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Victorian Apology to Gay Community


Tuesday, 24th May 2016 at 4:32 pm
Lina Caneva, Editor
The Victorian Parliament has formally apologised to the gay community for old laws that criminalised homosexual behaviour, in a move that is thought to be the first of its kind in the world.


Tuesday, 24th May 2016
at 4:32 pm
Lina Caneva, Editor


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Victorian Apology to Gay Community
Tuesday, 24th May 2016 at 4:32 pm

The Victorian Parliament has formally apologised to the gay community for old laws that criminalised homosexual behaviour, in a move that is thought to be the first of its kind in the world.

Premier Daniel Andrews told Parliament that the state government had to be held to account for “designing a culture of darkness and shame”.

“And those who faced its sanction, and lived in fear, are to be formally recognised for their relentless pursuit of freedom and love,” Andrews said.

“It all started here. It will end here, too. To our knowledge, no jurisdiction in the world has ever offered a full and formal apology for laws like these.

“On behalf of the Parliament, the government and the people of Victoria. For the laws we passed and the lives we ruined and the standards we set, we are humbly, deeply, sorry.

“There was a time in our history when we turned thousands of ordinary young men into criminals and it was profoundly and unimaginably wrong.”

He said that in 1961 alone, 40 Victorian men were charged with criminal homosexual behaviour.

“While the laws were terminated in the 1980s, they still remain next to the names of so many men – most of them dead – a criminal conviction engraved upon their place in history,” he said.

“I can inform the house that six men have now successfully applied to expunge these convictions from their record. Many more have commenced the process.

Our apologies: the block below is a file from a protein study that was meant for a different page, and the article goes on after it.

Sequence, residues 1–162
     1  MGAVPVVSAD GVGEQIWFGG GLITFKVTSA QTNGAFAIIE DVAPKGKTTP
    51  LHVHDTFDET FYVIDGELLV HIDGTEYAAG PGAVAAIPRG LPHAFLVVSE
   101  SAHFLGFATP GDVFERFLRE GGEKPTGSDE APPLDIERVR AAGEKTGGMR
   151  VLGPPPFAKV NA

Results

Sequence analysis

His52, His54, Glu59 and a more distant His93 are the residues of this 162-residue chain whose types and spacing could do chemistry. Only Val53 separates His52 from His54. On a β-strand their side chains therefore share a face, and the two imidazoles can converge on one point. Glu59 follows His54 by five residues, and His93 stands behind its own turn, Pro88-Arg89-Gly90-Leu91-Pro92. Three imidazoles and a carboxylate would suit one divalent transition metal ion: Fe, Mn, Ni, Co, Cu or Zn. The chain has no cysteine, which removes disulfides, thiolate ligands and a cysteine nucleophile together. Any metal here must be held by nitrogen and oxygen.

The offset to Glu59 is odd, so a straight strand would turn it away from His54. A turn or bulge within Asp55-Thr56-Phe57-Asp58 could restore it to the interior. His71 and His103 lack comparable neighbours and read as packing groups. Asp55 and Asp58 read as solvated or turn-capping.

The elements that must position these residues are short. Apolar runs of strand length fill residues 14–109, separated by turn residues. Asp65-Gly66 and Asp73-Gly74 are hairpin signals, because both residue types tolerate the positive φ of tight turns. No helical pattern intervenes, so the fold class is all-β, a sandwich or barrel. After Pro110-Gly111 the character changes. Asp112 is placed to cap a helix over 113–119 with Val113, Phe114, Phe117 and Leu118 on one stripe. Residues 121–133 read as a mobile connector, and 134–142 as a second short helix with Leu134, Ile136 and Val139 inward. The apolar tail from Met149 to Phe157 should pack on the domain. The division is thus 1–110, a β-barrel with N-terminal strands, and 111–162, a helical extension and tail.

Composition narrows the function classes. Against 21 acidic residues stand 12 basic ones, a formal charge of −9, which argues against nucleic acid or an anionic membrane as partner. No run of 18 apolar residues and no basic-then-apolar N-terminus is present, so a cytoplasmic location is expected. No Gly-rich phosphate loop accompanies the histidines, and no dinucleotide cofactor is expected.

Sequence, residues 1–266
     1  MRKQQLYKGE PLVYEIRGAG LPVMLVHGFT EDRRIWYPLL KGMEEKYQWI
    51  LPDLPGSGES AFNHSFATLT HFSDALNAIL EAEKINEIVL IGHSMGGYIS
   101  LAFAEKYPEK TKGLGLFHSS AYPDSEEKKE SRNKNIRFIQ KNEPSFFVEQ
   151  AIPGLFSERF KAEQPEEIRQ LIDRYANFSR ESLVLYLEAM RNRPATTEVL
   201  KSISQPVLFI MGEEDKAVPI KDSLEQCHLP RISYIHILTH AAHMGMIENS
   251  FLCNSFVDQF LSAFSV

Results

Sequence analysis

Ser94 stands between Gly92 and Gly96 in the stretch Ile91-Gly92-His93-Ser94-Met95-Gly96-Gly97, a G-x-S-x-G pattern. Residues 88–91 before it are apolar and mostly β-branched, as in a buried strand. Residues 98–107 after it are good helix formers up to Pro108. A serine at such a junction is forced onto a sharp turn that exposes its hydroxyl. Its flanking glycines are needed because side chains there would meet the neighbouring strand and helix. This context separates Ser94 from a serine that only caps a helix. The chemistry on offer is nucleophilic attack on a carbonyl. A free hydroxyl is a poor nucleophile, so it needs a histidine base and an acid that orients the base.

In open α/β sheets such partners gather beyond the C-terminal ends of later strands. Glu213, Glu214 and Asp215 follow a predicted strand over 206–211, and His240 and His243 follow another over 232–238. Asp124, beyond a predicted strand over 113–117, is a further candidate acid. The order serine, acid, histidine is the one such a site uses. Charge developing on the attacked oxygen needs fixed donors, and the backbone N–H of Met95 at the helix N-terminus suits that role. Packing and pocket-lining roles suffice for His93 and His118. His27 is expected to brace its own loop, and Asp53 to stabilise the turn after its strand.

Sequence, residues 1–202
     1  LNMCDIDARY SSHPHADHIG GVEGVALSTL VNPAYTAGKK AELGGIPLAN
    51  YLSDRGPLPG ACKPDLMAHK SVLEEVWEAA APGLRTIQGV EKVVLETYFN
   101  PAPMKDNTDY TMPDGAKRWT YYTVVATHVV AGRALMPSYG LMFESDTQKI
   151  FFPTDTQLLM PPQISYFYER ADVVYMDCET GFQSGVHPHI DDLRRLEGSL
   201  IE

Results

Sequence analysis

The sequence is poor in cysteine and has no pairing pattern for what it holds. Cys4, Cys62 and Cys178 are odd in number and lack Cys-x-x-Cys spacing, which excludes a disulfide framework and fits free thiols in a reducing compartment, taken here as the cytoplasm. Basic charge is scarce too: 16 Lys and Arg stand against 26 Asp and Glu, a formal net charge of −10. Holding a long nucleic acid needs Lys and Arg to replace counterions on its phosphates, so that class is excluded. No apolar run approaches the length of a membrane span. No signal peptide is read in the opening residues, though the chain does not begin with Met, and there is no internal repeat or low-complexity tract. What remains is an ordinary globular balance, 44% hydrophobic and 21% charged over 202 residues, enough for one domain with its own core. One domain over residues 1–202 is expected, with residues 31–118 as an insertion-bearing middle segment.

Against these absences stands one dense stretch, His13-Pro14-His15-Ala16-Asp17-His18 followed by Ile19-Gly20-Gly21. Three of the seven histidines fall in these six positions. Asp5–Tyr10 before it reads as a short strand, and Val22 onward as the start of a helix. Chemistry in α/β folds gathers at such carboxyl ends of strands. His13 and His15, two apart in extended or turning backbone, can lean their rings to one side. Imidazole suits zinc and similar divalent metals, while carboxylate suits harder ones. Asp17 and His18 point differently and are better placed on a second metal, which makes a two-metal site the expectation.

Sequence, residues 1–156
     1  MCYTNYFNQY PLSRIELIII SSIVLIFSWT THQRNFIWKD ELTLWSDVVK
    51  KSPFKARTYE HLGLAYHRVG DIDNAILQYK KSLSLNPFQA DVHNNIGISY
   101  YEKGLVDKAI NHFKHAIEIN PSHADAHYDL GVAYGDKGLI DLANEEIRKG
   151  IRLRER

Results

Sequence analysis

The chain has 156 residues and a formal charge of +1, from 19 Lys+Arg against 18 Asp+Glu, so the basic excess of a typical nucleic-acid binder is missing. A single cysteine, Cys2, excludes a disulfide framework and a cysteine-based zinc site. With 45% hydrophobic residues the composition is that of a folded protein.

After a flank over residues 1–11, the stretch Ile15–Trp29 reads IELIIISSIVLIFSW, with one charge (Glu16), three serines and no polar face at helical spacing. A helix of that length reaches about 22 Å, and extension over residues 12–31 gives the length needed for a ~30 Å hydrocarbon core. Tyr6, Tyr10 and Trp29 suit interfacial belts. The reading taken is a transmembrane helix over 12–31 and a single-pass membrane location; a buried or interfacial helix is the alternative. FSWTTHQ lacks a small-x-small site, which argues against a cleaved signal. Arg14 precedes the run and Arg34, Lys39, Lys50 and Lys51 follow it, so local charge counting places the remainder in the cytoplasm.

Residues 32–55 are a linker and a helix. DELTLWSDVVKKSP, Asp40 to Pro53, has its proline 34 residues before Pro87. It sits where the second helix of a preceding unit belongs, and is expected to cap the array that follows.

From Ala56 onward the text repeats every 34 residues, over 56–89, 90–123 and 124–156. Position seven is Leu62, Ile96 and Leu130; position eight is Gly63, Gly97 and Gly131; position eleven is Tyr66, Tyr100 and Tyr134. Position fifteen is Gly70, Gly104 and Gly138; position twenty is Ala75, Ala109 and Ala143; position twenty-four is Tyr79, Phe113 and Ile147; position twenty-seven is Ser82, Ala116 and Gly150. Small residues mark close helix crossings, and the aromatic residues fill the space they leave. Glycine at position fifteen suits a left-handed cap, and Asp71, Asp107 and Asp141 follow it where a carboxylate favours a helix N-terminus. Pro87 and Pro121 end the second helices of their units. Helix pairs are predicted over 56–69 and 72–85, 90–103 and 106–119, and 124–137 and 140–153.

“This won’t erase the injustice, but it is an accurate statement of what I believe today:That these convictions should never have happened. That the charges will be deleted, as if they never existed.”

The premier also addressed his apology to the LGBTI community generally saying: “As part of this [apology] process, I learnt that two women were convicted for offensive behaviour in the 1970s for holding hands – on a tram. So let me finish by saying this:If you are a member of the LGBTI community, and there’s someone in your life that you love – a partner or a friend – then do me a favour.

“Next time you’re on a tram in Melbourne, hold their hand. Do it with pride and defiance. Because you have that freedom.”

The leader of the opposition Matthew Guy also offered his formal apologies for the state’s past policies, and practices, which he said “led to disgraceful treatment of those in our gay community”.

“This apology is long overdue, it’s about time and it is right,” he told Parliament.

“While an apology is words of remorse, regret and sorrow … let today’s apology also be one of positivity and inclusion, that we go forth from today as a parliament, having decriminalised homosexuality in 1980, expunged homosexual related convictions in 2014 and apologised to our gay communities today, to be a part of a Victoria where sexuality, gender, race, ethnicity and appearance does not matter.”


Lina Caneva  |  Editor  |  @ProBonoNews

Lina Caneva has been a journalist for more than 35 years, and Editor of Pro Bono Australia News since it was founded in 2000.


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